So, it’s clear that black and brown homeowners lack access to clean energy enjoyed by other Americans.
Given this reality, it is not surprising that African Americans make up only 7.6% of the solar workforce, with the highest proportion in the manufacturing sector.
That makes Jeff a pioneer in our industry, especially in a customer outreach role, and we hope that Jeff’s story will serve as an example for other black professionals that the solar industry welcomes their talents, skills and dedication. Secure Futures is especially pleased to support Jeff’s initiative for energy equity to make it easier for people of color to go solar.
“The lack of diversity in Solar is a microcosm of the lack of diversity in STEM. I am a proud graduate of a Historically Black College and University (HBCU) and I have personally experienced the disappointment of not seeing anyone who looked like me in STEM positions,” said Jeff. “Tragically, the solar industry is very similar. Due to lack of representation, communities that would benefit the most from solar are being ignored, undereducated, and exploited in the energy sector.”
Black Colleges as Potential Solar Leaders
Jeff thinks that the best place to start making energy equity a reality is among some of the leading institutions in the black community, Historically Black Colleges and Universities.
Known as HBCUs, ever since Reconstruction these institutions have been dedicated to removing limitations to career and life success through higher education. Jeff thinks that these schools will also be interested in helping to remove barriers to clean energy. The election of Vice President Kamala Harris, graduate of an HBCU (Howard University in Washington, DC), has shone a media spotlight on the 107 HBCUs across the South and beyond.
Jeff is also an alumnus of an HBCU, Fayetteville State University in North Carolina. He’s now beginning an outreach campaign to engage these higher education institutions on the financial and social benefits they can reap from installing solar.
As a member of the first African American Greek-lettered organization, Epsilon Zeta Chapter of Alpha Phi Alpha Fraternity INC, Jeff has extensive experience in serving his community with programs such as “A Voteless People is a Hopeless People,” “Go-To-High School, Go-To-College,” Big Brothers, Big Sisters of America, and the March of Dimes. Jeff plans to start his awareness initiative within North Carolina, as it boasts more than a dozen HBCUs.
While the majority of American universities and colleges have long benefitted from state and federal government financial resources, HBCUs have only recently been included in this support. As a result, HBCUs have been denied the range of opportunities to implement sustainability improvements that are now common across the higher education world.
Solar for Schools, Hospitals and Businesses will also Help Homeowners
As one of only a handful of solar providers licensed in North Carolina to provide on-site solar power at no upfront capital cost through a service agreement, Secure Futures will help reduce the major hurdle to commercial-scale solar by removing the high initial cost required in the past. Our intention is to make clean energy and the savings it brings widely accessible to everyone.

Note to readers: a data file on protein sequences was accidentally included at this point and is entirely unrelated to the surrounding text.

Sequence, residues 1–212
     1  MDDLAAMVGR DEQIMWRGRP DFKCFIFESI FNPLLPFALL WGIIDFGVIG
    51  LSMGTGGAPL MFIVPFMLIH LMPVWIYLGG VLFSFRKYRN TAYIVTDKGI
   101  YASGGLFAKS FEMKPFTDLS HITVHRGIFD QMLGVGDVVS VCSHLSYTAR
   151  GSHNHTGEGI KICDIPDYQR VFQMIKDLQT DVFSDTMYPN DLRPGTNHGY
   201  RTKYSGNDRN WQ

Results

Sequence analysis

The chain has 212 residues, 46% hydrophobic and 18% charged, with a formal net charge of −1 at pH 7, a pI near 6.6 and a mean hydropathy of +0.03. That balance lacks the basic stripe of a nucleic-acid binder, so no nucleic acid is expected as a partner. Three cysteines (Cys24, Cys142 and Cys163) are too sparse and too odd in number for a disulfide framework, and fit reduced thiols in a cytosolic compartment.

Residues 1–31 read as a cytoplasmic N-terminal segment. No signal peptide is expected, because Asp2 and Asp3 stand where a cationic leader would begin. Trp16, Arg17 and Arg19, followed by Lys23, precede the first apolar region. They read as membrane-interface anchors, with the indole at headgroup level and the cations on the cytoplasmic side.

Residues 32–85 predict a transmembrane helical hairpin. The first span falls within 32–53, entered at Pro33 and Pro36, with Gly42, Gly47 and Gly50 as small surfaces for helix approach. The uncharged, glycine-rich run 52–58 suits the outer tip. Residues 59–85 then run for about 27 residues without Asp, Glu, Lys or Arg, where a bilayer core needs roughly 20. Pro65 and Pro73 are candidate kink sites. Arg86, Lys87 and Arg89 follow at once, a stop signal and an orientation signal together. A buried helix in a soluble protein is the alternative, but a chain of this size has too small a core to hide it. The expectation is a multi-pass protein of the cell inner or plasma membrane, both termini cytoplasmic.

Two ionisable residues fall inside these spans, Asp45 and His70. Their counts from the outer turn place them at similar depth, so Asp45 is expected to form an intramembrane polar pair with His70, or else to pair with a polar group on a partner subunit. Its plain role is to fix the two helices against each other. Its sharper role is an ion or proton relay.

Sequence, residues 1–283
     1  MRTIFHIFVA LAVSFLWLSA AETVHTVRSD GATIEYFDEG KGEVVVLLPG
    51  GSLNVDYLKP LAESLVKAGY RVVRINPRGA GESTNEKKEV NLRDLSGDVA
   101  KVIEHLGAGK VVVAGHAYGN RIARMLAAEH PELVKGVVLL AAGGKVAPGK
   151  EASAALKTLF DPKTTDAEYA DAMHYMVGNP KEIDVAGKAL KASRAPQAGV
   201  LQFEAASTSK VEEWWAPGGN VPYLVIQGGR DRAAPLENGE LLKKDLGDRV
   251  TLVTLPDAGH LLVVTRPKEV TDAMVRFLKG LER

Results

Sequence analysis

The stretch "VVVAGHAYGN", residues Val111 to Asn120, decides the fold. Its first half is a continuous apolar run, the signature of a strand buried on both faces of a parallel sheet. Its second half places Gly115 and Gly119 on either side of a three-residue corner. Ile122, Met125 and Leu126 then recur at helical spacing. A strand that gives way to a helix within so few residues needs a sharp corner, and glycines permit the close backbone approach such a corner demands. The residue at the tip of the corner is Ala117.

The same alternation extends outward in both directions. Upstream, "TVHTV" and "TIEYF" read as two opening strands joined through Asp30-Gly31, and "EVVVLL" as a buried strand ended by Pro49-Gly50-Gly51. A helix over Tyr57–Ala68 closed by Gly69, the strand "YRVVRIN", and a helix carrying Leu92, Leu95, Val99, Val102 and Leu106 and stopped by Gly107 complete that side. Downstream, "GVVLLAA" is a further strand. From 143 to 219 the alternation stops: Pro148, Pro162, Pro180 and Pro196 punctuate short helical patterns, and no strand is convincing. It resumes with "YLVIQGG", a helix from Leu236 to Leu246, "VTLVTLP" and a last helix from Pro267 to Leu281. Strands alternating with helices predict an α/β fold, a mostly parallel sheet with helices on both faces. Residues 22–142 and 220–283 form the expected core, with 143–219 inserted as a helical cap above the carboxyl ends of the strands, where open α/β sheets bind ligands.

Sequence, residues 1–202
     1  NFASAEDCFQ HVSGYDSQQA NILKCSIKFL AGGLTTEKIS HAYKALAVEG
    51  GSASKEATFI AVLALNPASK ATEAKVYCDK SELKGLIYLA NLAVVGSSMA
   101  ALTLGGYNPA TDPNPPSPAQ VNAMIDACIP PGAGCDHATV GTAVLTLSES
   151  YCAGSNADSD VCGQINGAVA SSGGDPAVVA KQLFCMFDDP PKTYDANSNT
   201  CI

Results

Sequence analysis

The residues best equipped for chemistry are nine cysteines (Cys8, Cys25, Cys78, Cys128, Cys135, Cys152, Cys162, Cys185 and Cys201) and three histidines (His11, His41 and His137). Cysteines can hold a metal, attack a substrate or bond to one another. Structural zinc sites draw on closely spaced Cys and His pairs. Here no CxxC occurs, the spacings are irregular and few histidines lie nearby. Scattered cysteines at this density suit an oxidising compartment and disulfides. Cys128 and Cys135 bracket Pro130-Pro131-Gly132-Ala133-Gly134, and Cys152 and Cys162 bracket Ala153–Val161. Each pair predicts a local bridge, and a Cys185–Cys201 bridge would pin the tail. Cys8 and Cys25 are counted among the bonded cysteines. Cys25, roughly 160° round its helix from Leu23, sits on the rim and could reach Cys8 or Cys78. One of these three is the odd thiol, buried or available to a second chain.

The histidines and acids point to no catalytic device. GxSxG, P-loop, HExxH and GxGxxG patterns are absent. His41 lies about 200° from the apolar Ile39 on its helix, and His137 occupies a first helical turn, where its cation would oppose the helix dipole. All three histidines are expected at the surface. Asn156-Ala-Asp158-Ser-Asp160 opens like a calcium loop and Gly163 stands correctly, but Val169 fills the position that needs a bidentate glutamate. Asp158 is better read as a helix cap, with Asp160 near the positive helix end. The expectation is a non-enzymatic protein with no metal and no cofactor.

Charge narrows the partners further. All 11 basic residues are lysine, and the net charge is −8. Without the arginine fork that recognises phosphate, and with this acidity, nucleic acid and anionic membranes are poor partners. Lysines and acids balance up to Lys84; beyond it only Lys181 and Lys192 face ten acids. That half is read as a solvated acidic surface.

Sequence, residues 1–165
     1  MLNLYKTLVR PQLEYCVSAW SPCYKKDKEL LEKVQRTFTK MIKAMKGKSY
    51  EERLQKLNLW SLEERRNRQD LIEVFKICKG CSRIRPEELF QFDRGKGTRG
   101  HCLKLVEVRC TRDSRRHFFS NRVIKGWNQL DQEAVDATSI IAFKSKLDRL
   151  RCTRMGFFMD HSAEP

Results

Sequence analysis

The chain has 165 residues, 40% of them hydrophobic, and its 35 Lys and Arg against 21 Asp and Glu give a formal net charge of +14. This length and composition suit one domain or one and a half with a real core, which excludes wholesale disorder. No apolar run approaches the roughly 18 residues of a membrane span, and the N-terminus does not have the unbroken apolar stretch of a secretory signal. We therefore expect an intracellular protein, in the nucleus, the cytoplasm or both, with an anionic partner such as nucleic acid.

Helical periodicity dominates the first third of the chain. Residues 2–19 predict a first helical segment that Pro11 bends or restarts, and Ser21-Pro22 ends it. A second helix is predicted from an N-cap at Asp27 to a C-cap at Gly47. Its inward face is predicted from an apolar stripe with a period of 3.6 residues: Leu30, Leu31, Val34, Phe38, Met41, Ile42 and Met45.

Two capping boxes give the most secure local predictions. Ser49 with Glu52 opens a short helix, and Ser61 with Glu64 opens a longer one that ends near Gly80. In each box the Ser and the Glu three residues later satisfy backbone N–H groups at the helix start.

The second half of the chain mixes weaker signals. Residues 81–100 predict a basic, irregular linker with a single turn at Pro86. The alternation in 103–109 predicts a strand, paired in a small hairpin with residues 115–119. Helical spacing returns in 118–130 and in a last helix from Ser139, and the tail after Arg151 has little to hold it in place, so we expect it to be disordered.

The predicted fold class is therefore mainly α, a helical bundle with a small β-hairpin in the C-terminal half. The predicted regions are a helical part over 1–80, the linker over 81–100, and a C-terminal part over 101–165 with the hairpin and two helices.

Secure Futures specializes in helping colleges and universities go solar. They’re good candidates for clean energy because solar helps them save money that they can put into teacher salaries. Also, solar panels right on site can be excellent tools for hands-on classroom education on clean energy technology and the exploding job opportunities in the new clean economy.
For his initiative to bring solar to these HBCUs, Jeff intends on hosting educational webinars, circulating educational materials, attending HBCU conferences and much more to raise awareness of the need for energy equity and show how bringing money savings and clean energy to everyone is more practical today than ever before.
Putting solar on college campuses will help the whole community go solar, spreading out from these high-profile institutions to churches, hospitals, commercial businesses and ultimately, homes. Described as “seeding,” or social diffusion by those who lead the study into census tracts, it’s expected that a single early adopter can lead to a neighborhood cluster of solar arrays. If even one HBCU jumps on the solar bandwagon, this might inspire a domino effect and establish a clean energy movement among this marginalized group.
As a Certified B Corp company, Secure Futures is committed to a three-pronged approach of profit, people, and planet. B Corp certification is to business what Fair Trade certification is to coffee or USDA Organic certification is to milk. We take pride in doing good by our communities and are excited to be diversifying our efforts and making strides to combat the energy inequity that our neighbors struggle with.
“The world urgently needs to transition to clean energy as quickly as possible, according to scientists,” says Jeff. “America is going to have to take the lead. Black and brown Americans have always been at the forefront of progress in civil rights and a fair economy. Today’s challenge is just as big and our whole society will only succeed if people of color play a leading role. The interest is there. The opportunity has been missing in the past. Fortunately, we’re at just the right place to fix that and build a clean energy economy that includes everybody.”